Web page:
A lot of my clients are asking me about the design process when it comes to brand or product identity. I decided to share the insight into the work that goes on behind the scenes when I design a logo. A well thought-out and efficiently executed work is a must for long-term success for any identity.
1. Design Brief
Design brief is compiled from Q&A session with client or a logo design questionnaire and it helps focusing on the details that best cater to the target audience and communicating brand promise via visual insigne. The aim of the design brief is to provide an insight into the clients business, industry and target market. It helps you gain an understanding of the clients requirements and their expectations for the project. Design brief can be a simple statement describing a purpose and goals of brand identity or it can be a comprehensive written document exploring different angles and solutions to communicating the brand identity via visuals.
2. Research, Analysis & Brainstorming
After analysing the design brief, most projects will need to be researched further in order to fully understand its requirements. Research will include investigating the clients history, their competitors, and their industry.
The amount of research conducted will vary from project to project, depending on factors such as; whether there is any existing branding already in place, the size of the company, and the complexity requested in the brief.
During the research stage I also start visualising some basic ideas for the design concepts.
3. Sketching Ideas
The next step in all logo design projects is to start sketching out some rough concepts. Sketching helps generate a strong set of possible directions. A mouse and computer add an extra level of restriction that hinders the process. Sometimes it will only take a few hours to come up with a solid concept on paper. Sometimes it will take a few days.
4. Rendering Digital Art
Once I am happy with a concept, I transfer the design to the computer and begin illustration.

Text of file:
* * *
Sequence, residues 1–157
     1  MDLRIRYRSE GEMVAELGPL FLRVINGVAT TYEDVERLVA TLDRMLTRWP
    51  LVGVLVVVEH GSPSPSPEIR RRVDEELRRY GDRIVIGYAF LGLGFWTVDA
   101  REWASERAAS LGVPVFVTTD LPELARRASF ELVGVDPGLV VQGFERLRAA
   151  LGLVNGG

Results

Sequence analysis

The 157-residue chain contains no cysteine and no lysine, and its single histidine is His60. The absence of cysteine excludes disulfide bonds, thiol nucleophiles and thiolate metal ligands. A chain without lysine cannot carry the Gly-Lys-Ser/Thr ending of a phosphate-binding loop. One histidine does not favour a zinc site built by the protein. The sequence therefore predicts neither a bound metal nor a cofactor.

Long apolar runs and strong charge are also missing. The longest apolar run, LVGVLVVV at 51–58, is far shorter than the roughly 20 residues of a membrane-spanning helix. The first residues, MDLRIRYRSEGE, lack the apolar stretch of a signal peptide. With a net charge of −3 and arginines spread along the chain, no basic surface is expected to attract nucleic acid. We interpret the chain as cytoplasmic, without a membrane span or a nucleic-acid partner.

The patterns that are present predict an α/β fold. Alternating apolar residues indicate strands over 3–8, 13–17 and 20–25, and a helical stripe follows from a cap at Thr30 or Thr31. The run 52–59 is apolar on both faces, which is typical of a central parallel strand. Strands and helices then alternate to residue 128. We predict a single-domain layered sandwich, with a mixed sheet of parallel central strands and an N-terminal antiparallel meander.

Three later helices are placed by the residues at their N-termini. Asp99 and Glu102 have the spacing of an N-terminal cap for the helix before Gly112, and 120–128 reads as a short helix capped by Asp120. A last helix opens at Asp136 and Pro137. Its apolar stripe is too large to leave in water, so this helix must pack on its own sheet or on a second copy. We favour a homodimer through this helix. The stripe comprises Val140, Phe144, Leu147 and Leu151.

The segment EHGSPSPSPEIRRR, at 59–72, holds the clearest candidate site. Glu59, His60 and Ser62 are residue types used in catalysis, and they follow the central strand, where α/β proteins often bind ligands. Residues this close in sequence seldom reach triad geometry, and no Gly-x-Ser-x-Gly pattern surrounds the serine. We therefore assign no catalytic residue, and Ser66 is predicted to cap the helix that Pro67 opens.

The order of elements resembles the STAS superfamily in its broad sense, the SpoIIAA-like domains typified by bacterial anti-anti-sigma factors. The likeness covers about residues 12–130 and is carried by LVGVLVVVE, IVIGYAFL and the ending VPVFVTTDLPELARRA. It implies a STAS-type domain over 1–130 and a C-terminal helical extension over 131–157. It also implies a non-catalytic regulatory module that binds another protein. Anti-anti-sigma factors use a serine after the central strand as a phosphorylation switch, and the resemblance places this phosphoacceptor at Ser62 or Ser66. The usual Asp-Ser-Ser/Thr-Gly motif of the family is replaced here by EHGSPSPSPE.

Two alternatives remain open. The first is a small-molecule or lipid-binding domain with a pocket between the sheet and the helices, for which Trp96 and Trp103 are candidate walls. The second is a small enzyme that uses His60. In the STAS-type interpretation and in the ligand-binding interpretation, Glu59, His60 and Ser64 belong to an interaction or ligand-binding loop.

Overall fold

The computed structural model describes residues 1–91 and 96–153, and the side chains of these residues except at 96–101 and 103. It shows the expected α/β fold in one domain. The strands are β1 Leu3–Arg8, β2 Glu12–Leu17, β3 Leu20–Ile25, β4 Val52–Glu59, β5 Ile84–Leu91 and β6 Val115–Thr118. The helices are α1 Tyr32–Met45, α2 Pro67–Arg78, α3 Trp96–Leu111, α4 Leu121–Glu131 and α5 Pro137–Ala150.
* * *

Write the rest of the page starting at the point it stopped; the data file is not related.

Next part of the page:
My choice of software for logotype creation is Adobe Illustrator which is an industry standard application that allows to create vector graphics and enables scalability of design without compromising quality.
Some people prefer to work with Adobe Photoshop which I find a bad practice for this particular purpose since Photoshop utilizes raster graphics which have limitations when it comes to scalability.
5. Presentation, Review, Revisions
The design presentation is supplied as a PDF file (unless otherwise noted), with each concept shown in context, using digital mock-ups.
Client feedback is then considered and discussed. If changes are deemed necessary the design will be revised, then sent to the client for further feedback.
Once an agreement has been made on the design, a final cleanup is done and the files are sent to the client.
6. Artwork Transfer
Artwork is usually supplied in color and b&w versions in the following formats:
- EPS (vector format for print)
- GIF (for web use)
I’m also happy to prepare your art to specific file requests. Artwork is supplied via email and/or made available to download.
Once the project is completed and artwork is transferred I offer my clients support for any design-related questions they might have. I can also help with print procurement, or offer design assistance in whatever way possible. I also keep all work I create and provide my clients with free file transfer within the first six months and afterwards for a small fee.